Outdoor People are both a shop and social enterprise with a passion for the outdoors and helping people reconnect with nature – whether that’s through camping, picnicking, yoga, cycling, festivals, walking, scrambling, hiking up mountains, wandering round cities, playing in the street, lying in hammocks, building dens, making mud pies and staring at clouds! They believe everyday outdoor time is essential for wellbeing, especially for children. They launched in 2014, first with a stall on Broadway Market and now with their shop in Netil Market which sells all sorts for picnics, festivals, camping trips; you can also rent camping gear. The social enterprise side of things involves projects and events they run, with profits from the shop being reinvested to further their mission. These are accessible to anyone, but they often get referrals from family support services and carers to help target families and communities which don’t get to spend much time outdoors, for various reasons. I spoke to Harry and Tom about how it started and why they do what they do.
How did it all start?
Harry: “Kitty [who also runs Outdoor People] used to be the director of Play England, she does a bit more hands on stuff and this is the outdoor shop but this is just the front of the social enterprise. The social enterprise tries to get people to go outdoors, more hands off stuff like running camping trips and also just teaching people – we do workshops out here. It’s just anything that makes going outdoors easier. Firestarting workshops, woodworking workshops, playing games when it’s quiet.”
What did you want to do when you were a child, did you love being outdoors?
H: “I did a lot of playing outdoors as a kid, my interests are in education theory and a lot of it is based on how important it is for kids to experience nature if they’re going to have an understanding of their duties for the environment – it’s impossible to expect people who have never climbed trees to care about them, so to me that’s the point, that’s why this is great. So we’re going away next week taking 14 families who have never been camping before away for a 3 days in the woods. It’s really good because there’s this gender problem where a lot of people expect father figures to take kids outdoors and then with single mums it doesn’t happen so we try to show that anyone can do it and just give them the confidence to go out.”
Why this area?
H: “We used to have a market stall on Broadway Market, but we were looking for something more permanent and it’s just nice to have community. As a social enterprise we have to be a shop that’s benefiting the community, so it’s quite nice we’ve got this space outdoors that’s a space we get to use a bit. And really good vibes, it’s family-ish!”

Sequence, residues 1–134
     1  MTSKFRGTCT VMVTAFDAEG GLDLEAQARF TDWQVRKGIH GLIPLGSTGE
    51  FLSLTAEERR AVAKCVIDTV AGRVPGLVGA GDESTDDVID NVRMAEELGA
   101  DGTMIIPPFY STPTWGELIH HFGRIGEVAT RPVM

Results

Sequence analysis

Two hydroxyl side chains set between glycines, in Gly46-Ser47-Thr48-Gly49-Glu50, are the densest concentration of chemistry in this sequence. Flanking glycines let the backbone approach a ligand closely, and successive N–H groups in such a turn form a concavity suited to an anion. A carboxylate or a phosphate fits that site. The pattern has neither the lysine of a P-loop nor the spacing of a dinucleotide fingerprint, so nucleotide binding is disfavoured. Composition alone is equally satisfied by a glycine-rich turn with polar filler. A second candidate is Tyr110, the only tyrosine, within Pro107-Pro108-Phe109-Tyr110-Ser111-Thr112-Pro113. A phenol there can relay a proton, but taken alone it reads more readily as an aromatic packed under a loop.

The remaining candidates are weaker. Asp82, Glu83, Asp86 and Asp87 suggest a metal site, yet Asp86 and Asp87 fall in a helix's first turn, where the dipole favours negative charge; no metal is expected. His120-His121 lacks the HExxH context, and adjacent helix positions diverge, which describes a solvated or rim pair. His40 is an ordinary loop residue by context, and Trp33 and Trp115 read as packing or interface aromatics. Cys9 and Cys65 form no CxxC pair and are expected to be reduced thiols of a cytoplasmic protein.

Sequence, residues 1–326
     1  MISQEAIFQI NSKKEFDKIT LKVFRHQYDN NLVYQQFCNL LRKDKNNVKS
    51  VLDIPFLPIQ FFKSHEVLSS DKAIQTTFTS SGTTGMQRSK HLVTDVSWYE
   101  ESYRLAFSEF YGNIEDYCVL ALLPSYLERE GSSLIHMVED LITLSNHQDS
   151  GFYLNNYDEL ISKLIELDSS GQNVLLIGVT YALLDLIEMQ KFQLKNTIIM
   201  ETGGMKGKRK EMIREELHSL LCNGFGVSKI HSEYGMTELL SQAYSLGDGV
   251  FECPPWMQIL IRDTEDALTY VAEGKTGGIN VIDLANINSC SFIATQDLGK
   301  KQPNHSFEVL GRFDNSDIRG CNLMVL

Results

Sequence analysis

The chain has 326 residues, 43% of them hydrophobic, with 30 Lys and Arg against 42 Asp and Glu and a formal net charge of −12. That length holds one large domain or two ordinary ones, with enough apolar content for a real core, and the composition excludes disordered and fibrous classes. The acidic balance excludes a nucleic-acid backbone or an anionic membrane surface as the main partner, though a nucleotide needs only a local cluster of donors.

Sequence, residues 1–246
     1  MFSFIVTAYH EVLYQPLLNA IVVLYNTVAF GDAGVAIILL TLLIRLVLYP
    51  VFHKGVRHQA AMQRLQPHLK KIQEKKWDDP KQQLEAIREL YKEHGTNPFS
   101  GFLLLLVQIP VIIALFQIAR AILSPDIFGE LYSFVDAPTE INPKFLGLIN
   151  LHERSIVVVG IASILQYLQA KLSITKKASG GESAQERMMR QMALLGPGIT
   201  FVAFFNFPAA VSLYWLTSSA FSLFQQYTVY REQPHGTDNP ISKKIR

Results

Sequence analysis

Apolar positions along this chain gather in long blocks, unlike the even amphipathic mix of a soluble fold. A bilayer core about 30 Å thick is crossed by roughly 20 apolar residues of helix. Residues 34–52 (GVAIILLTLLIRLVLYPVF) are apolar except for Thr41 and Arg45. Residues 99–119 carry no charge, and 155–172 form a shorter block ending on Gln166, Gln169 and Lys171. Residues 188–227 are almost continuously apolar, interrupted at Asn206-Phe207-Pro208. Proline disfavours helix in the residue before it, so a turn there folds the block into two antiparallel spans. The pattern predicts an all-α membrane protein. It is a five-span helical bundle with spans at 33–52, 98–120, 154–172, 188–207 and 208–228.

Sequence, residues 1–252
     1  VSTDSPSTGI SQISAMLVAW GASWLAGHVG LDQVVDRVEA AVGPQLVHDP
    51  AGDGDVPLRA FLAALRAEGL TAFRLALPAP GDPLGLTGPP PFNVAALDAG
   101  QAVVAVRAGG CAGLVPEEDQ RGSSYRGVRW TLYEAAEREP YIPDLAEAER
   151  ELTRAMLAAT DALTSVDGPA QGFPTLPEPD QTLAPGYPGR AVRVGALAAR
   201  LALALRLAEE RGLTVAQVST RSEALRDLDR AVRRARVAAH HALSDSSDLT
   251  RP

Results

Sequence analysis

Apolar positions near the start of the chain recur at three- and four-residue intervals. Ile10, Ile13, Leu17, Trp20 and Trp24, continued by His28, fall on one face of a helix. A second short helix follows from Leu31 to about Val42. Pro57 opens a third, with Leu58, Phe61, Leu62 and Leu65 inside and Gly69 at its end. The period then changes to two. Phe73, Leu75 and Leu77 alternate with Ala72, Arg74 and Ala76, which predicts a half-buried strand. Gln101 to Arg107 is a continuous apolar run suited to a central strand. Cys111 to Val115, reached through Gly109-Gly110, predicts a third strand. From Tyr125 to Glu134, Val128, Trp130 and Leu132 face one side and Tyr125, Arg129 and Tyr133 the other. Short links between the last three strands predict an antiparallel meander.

What’s your favourite thing about this area?
H: “I really like all the independent bookshops on Broadway Market.”
What’s been your biggest challenge so far?
H: “I don’t know, competing against the masses of plastic stuff. Everyone throws plastics, you see so much street food thrown away, so much packaging. So we’re just trying to fight that. We’re here trying to convince people that they shouldn’t do that and it’s hard to be part of this community that actually makes all the rubbish but at the same time, we do enjoy the community. So we sell reusable water bottles and forks and things, lunch boxes. We’re really into the whole take your metal tin to the takeaway and not the thousands of plastic things you’re going to throw away. And people get it, and it’s nice to have this space where we can talk about it directly. We even have biodegradable glitter. That’s the fun thing about this job, trying to find good solutions to all these problems.”
How do you advertise the camping trips?
Tom: “We get referrals from family support services. It’s open, it’s for people who haven’t been camping before, haven’t been camping in a long time because of their family circumstances, people who can’t afford to go. Just a mix of people, giving people the confidence to be able to learn or relearn what it takes to go camping so they recognise that it’s actually a really cheap and enjoyable way of going on holiday, give the kids a break. Kitty, her history is from Play work, she used to be the director of Play England so a lot of the work we do is tied in with promoting children’s freedom to play, which especially in an urban environment has become more and more difficult just to go outside for many reasons. So one the things we’re hoping to do for the project work is just talking to parents about their own experiences of when they were children, whether or not they experienced any barriers to go outside and play when they were children, whether or not they feel like they can’t let their children play and why and is there something they can do about that.”
Where do you want to be in 5 years?
H: “We often talk about having a bigger shop with longer opening hours.”
T: “Well it’s a social enterprise and we’re going to spend next week taking these families away camping for the first time. So it’s really being able to grow both sides of the business, if the business grows then it means we’re able to do more of the projects. The more money we have available, the more funding we can draw in, the more impact we can have, the more projects we can do. We put our profits back in to do the projects.”
H: “They work together. The shop helps the project side flourish. Hopefully, in 5 years time, hopefully both of them together. We don’t want the shop to be more important than the projects. And also just be accessible to people, there are no other independent outdoor shops in Hackney.”
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